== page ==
Delivery South

Last week was the first time in over a decade that I’ve spent some time at sea, ironically with the same skipper but different yacht. This time it was assisting to bring back a 49’er that had won it’s division at Magnetic Island Race Week recently. I flew to the Gold Coast on Monday expecting to leave that afternoon, however due to the southerlies we didn’t get away till the following afternoon. Apparently they’d had southerlies the whole way heading south from Townsville and were not keen on bashing into more of the same.

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Heading south the following day we had the leftovers of the southerly for the first couple of hours, then the breeze went left and it became a little easier to motor sail with just the mainsail up. Into Wednesday the breeze was forecast to build from the north and build it did to around 20knots.

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Around 1600 whilst below, Bruce did a sudden gybe and as a result the strop holding the mainsheet block on the end of the boom broke. Mainsail down and off and the jib top was set instead. Still without a motor we carried this all the way to Broughton Island off Port Stephens. The forecast was for a short sharp southerly change so it was in to Nelson Bay for the night. Timing was pretty good as it hit as we were motoring into the marina in the wee hours of the morning.

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Just like leaving Southport we saw the first whales just as we headed south, inside a mile of leaving the heads. Thursday was to be a day of motoring as the breeze struggled to get over 5 knots all day, at least the seaway was reasonable with little pounding in the leftover seas.

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I finally went below whilst off Broken Bay and only a few hours short of Sydney Harbour and woke to the sound of the motor being throttled back, we were off Sow and Pigs. It was absolutely calm with not even a ripple or a wave movement other than those we made. Brought back memories of offshore racing and finishing at night in similar conditions.  Thanks to James, Bruce and Jason for an enjoyable delivery passage and the usual yarns whilst at sea.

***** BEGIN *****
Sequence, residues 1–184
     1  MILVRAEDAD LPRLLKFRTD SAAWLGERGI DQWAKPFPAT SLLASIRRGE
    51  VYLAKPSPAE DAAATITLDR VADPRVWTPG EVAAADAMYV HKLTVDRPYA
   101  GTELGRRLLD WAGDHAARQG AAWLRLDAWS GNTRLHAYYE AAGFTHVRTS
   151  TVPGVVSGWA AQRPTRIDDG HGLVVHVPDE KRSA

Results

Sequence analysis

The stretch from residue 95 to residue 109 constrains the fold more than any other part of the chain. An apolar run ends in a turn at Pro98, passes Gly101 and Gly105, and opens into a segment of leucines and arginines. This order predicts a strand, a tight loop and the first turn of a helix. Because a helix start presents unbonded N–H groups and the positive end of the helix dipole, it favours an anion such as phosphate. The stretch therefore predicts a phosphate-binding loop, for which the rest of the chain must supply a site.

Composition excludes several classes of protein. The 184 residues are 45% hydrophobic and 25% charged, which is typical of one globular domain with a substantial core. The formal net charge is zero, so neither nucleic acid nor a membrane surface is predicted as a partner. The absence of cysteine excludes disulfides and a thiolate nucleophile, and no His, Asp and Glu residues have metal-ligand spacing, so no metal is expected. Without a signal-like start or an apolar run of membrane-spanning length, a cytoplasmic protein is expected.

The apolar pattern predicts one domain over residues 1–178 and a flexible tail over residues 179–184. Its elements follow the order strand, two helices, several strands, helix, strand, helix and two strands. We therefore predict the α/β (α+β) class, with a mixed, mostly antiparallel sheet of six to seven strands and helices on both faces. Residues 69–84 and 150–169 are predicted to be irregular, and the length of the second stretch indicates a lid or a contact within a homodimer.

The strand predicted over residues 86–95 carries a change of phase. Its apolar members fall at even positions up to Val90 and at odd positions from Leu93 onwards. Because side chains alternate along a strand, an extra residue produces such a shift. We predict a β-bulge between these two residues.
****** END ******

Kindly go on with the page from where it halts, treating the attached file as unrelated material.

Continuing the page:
I went for a sail

First though, I went for a drive. I spent over a week in Queensland seeing old and new DeckHardware customers, retail outlets, sailmakers and maintenance facilities. I had a nice drive up the New England Highway as my first stop was out west of Toowoomba. The first time I saw Matt I arrived in the dark driving up the hill so I didn’t see much other than his shed, this time arriving in the morning I had the chance to see his view over the country side. There’s probably no more than 20 houses, but wow I can see why he chose that spot. Next stop was Bundaberg. Yes, home of Bundy rum and ginger beer, both different businesses on the east side of town. I had done the Bundy Rum factory tour on a previous trip, so didn’t stop this time. I did notice however that they’ve opened a new visitor centre. If you haven’t been and done the Rum tour and if you have the chance, it’s one to tick off.

 

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It was the beginning of a full week, starting at Bundaberg and working south. What was also good was the chance to catch up with a few friends and relatives overnight. Craig and Tracee surprised me with the fact that after many years being together, they were getting married that weekend. They’ve bought a new property just west of the Bruce Highway on the Sunshine Coast. Being in ‘the sticks’ they have a fire risk as well as requiring somewhere to store boats, with 10 acres there’s plenty of room. As I left the following morning, Tracee and I were on the veranda counting the kangaroos, apparently this was the largest number they had seen, over 10 and it looked like two were big alpha males, so a couple of families? Unfortunately neither of us had a chance to take a photo, I’m sure in times to come she will, as they are certainly a lot bigger than our bandicoots to get in to a vegetable garden.